"Thank you," said Danny. "I may well be in touch." He left Sotheby's without another word-he couldn't risk asking Mr. Blundell questions to which he himself would be expected to know the answers. But how else was he going to find out about Sir Alexander's magnificent collection?

No sooner was Danny back out on Bond Street than he wished he had accepted Prendergast's original offer, because even if the envelope raised as much as six thousand, it still wouldn't be nearly enough to cover the costs of a prolonged legal battle with Hugo Moncrieff, and if he were to settle the writ before the expenses ran out of control, he'd still have enough money to survive on for a few more weeks while he looked for a job. But unfortunately, Sir Nicholas Moncrieff was not qualified to work as an East End garage mechanic; in fact, Danny was beginning to wonder what he was qualified to do.

Danny strolled on up Bond Street and into Piccadilly. He thought about the significance, if any, of Blundell's words "your grandfather's magnificent collection." He didn't notice that someone was following him. But then, the man was a professional.


Hugo picked up the phone.

"He's just left Sotheby's and he's standing at a bus stop in Piccadilly."

"So he must be running out of funds," said Hugo. "Why did he go to Sotheby's?"

"He left an envelope with a Mr. Blundell, the head of the philatelic department. It will come up for auction in six weeks' time."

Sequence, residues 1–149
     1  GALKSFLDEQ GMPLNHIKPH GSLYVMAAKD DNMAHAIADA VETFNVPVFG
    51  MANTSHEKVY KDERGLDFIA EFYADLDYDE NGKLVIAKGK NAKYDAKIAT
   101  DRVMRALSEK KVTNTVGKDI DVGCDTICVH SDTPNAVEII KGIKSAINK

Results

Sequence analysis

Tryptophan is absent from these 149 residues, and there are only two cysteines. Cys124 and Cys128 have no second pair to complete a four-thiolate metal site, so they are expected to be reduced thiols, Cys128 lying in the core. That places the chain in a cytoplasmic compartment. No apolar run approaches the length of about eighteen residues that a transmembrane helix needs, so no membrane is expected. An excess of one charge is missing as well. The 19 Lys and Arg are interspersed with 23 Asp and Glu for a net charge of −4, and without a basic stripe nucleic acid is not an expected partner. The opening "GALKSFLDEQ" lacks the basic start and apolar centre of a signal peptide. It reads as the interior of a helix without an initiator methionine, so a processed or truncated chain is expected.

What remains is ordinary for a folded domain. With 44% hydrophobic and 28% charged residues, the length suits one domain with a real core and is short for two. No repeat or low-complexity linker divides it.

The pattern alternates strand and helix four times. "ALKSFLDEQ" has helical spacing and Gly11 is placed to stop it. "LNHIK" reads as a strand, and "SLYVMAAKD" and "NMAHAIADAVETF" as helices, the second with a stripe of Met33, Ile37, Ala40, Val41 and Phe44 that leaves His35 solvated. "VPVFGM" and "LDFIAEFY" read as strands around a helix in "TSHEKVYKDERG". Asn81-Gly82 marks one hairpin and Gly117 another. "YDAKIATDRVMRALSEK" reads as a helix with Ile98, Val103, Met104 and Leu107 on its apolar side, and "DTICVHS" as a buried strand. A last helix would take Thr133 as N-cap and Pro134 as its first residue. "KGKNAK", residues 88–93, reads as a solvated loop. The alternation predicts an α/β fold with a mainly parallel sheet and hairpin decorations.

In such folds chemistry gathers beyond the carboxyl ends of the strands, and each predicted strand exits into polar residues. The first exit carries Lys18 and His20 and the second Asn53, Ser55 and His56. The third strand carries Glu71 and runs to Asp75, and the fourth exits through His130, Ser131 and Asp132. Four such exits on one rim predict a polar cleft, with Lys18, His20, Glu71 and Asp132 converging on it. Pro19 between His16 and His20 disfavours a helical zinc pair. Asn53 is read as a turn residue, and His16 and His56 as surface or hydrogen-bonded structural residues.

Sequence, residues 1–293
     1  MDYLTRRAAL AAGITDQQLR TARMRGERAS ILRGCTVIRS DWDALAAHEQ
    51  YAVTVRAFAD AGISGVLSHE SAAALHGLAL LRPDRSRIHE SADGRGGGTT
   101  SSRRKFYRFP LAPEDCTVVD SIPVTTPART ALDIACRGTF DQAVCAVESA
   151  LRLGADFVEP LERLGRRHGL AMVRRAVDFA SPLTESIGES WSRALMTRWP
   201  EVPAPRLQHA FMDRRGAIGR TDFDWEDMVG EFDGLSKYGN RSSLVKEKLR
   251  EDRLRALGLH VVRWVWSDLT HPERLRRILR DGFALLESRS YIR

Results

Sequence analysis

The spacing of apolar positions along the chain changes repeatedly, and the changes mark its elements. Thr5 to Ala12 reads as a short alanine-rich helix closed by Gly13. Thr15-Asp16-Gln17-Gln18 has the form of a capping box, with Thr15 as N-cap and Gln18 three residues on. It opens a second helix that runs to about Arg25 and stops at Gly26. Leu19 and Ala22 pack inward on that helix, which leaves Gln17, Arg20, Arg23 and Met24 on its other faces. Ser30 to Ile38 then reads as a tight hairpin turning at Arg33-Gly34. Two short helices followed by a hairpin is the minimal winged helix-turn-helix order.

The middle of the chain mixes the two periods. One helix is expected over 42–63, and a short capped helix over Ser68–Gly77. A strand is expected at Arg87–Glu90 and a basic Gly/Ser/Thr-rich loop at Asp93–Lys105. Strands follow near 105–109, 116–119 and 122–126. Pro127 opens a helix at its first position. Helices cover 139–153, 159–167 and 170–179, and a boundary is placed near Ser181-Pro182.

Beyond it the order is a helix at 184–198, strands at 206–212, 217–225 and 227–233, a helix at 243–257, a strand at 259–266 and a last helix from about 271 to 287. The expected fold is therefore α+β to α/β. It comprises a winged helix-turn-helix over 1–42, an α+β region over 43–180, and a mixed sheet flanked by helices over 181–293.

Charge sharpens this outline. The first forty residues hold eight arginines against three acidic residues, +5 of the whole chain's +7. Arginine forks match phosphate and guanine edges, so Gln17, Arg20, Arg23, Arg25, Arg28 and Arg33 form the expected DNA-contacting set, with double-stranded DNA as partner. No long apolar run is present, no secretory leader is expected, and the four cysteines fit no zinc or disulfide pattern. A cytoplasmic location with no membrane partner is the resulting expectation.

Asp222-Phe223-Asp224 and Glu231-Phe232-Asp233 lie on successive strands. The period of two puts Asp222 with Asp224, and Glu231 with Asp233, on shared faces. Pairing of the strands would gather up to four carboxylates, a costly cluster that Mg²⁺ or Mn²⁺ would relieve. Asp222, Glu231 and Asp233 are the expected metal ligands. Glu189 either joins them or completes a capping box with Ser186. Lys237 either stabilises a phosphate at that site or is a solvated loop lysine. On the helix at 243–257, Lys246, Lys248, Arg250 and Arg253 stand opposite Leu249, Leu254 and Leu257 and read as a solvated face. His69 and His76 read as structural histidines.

"What was on the envelope?" asked Hugo.

"A stamp issued to mark the first modern Olympics, which Blundell estimated to be worth between two and two and a half thousand."

"When's the sale?"

"September sixteenth."

"Then I'll have to be there," said Hugo, putting down the phone.

"How unlike your father to allow one of his stamps to be put up for sale. Unless..." said Margaret as she folded her napkin.

"I'm not following you, old gal. Unless what?" said Hugo.

"Your father devotes his life to putting together one of the world's finest stamp collections, which not only disappears on the day he dies, but isn't even mentioned in his will. But what is mentioned are a key and an envelope, which he leaves to Nick."

"I'm still not sure what you're getting at, old gal?"

"The key and the envelope are clearly connected in some way," said Margaret.

"What makes you think that?"

"Because I don't believe the stamp is of any importance."

"But two thousand pounds would be a great deal of money to Nick at the present time."

"But not to your father. I suspect that the name and address on the envelope are far more important, because they will lead us to the collection."

"But we still won't have the key," said Hugo.

"The key will be of little importance if you can prove that you are the rightful heir to the Moncrieff fortune."


Danny jumped on a bus for Notting Hill Gate, hoping he'd be in time for the monthly meeting with his probation officer. Another ten minutes and he would have had to take a cab. Ms. Bennett had written to say that something of importance had come up. Those words made him nervous, though Danny knew that if they had found out who he really was, he wouldn't have been informed by a letter from his probation officer, but would have woken in the middle of the night to find the house surrounded by police.

Although he was becoming more and more confident with his new persona, not a day passed when he wasn't reminded that he was an escaped prisoner. Anything could give him away: a second glance, a misunderstood remark, a casual question to which he didn't know the answer. Who was your housemaster at Loretto? Which college were you in at Sandhurst? Which rugby team do you support?